@lotusp

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lotusp

Treatment Finally

So guys finally moving forward with treatment, after being diagnosed for 4months now im finally getting treatment yay! My nurse has said to start off with first line therapies which i assume is like the beta inferons and copaxone. Also because im only 21 and alot of the other dugs have harsher side affects like thyroid problems, PML etc. I think its best for me if i start off with something milder maybe (still not 100% sure). Initially i wanted Lemtrada but the thyroid thing n me wanting to have kids in the nxt 2/3 years really put me off. Now im looking at either Avonex/Copaxone but again the copaxone lipoatrophy things a bit of a put off as is the avonex hair loss... any advice from users pleaseee ?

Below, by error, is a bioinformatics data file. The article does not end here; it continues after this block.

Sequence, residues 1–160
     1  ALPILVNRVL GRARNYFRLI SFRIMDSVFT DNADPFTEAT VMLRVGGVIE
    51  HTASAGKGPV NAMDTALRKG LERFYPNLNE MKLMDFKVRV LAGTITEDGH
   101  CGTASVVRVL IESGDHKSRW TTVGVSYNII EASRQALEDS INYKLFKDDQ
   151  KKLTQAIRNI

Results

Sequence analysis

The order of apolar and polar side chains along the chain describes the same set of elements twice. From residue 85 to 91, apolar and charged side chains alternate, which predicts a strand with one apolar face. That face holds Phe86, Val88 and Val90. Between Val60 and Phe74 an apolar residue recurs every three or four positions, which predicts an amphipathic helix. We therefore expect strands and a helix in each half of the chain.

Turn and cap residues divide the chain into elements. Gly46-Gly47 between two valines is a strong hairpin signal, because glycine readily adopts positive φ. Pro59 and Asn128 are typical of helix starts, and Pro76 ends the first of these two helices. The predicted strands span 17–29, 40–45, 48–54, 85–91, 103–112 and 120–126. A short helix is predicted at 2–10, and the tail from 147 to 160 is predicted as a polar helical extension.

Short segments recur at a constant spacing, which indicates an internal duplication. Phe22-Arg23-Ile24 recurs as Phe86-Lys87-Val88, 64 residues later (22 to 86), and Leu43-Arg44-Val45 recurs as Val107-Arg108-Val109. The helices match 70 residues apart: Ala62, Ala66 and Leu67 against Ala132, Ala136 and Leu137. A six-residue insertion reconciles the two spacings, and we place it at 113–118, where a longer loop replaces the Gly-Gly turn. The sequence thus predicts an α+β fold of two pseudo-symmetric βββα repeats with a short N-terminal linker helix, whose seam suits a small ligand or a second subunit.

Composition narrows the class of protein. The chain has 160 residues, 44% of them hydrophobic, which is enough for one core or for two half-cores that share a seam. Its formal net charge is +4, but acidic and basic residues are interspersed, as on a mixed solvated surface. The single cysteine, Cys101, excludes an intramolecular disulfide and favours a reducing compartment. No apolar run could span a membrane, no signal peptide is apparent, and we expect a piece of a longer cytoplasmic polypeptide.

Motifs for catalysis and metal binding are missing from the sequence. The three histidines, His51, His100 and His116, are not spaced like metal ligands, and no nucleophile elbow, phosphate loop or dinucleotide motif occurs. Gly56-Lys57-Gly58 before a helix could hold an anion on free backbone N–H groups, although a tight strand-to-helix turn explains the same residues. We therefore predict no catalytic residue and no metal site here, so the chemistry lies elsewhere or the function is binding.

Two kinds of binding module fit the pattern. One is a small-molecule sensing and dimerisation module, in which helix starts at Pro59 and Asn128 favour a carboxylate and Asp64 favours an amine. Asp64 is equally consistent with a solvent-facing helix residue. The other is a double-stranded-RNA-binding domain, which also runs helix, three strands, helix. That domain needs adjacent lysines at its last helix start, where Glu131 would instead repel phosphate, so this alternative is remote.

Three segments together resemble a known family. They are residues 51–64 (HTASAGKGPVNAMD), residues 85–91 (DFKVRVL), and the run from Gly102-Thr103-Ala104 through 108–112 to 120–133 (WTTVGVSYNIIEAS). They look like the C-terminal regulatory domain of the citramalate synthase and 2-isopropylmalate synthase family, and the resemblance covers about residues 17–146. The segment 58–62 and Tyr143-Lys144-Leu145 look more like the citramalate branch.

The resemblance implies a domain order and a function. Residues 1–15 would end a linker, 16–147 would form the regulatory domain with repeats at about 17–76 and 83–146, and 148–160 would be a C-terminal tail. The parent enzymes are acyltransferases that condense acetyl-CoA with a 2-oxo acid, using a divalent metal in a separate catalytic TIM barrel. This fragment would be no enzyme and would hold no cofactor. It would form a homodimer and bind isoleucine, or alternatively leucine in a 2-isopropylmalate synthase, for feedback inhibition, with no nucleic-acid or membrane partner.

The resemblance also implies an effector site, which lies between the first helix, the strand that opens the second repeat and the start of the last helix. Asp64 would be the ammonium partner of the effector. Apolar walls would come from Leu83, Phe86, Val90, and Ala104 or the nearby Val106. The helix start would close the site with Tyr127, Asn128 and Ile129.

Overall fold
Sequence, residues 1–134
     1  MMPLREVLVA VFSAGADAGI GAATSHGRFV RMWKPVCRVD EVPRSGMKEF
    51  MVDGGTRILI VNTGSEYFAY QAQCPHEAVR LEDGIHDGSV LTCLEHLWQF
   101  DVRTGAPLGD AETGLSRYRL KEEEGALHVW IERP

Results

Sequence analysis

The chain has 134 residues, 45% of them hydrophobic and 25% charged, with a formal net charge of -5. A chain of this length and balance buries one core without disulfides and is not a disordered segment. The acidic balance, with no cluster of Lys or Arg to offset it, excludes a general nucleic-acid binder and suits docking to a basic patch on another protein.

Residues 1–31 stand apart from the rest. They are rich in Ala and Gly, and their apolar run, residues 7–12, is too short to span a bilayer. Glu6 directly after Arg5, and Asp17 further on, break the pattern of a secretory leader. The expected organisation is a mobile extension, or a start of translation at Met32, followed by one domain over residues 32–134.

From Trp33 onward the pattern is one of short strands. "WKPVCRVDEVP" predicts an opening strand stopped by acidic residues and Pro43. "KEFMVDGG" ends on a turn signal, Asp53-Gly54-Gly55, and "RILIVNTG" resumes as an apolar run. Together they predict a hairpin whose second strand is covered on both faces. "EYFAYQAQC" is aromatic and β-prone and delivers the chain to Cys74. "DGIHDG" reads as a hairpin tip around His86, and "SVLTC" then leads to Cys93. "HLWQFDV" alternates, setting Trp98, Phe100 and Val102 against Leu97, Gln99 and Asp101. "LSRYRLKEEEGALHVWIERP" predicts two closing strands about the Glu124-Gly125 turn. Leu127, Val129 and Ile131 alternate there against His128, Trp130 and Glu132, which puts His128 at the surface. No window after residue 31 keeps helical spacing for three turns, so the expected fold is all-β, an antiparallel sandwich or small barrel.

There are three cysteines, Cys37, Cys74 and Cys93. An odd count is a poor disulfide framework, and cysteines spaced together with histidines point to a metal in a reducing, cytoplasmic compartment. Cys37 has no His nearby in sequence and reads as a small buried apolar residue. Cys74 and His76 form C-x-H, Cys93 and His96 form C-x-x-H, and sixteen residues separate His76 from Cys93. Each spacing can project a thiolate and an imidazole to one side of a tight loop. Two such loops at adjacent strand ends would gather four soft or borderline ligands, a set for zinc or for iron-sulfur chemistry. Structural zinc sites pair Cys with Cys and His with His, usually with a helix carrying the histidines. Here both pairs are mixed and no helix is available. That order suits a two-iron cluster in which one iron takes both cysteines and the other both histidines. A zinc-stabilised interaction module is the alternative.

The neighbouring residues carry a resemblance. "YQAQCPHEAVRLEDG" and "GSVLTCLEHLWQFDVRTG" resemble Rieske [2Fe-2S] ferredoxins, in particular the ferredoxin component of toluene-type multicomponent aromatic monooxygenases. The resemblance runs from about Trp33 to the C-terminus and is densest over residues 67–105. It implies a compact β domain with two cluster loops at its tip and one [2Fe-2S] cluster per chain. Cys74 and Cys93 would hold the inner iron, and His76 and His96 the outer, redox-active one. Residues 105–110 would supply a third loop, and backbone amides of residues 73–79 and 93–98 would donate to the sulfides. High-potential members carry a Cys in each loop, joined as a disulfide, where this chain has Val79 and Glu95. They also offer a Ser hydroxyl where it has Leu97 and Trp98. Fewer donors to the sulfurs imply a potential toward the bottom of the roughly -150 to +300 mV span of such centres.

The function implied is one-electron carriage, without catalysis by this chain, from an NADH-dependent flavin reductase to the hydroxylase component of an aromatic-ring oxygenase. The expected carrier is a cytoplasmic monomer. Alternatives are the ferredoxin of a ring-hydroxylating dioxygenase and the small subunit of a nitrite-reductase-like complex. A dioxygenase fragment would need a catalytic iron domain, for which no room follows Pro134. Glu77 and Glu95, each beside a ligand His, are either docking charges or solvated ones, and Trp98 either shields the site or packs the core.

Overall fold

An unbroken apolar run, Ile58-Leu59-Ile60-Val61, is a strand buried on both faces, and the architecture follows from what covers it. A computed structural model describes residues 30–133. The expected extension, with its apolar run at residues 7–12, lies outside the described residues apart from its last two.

Sewing-chick

@Sewing-chick

I'm very much enjoying the relief from some of my symptoms that I have had from Cladribine. There are no side effects (as far as I know). Like Lemtrada, you have a course of injections, another course after 4 weeks and a repeat a year later. No thyroid problems associated with this one. Unfortunately, the only place that's licenced to give it as a treatment for MS is Barts hospital in London. My other experiences are of: 1) Tysabri, which didn't seem to do much for me and made me worse for about 5 days after each infusion - I wouldn't recommend (especially with PML risk - I contracted JC virus while on Ty); 2) Gilenya, seemed to help without side effects, but I was only on it for 6 weeks - I have an idea the effects might fade over time.

hope33

@hope33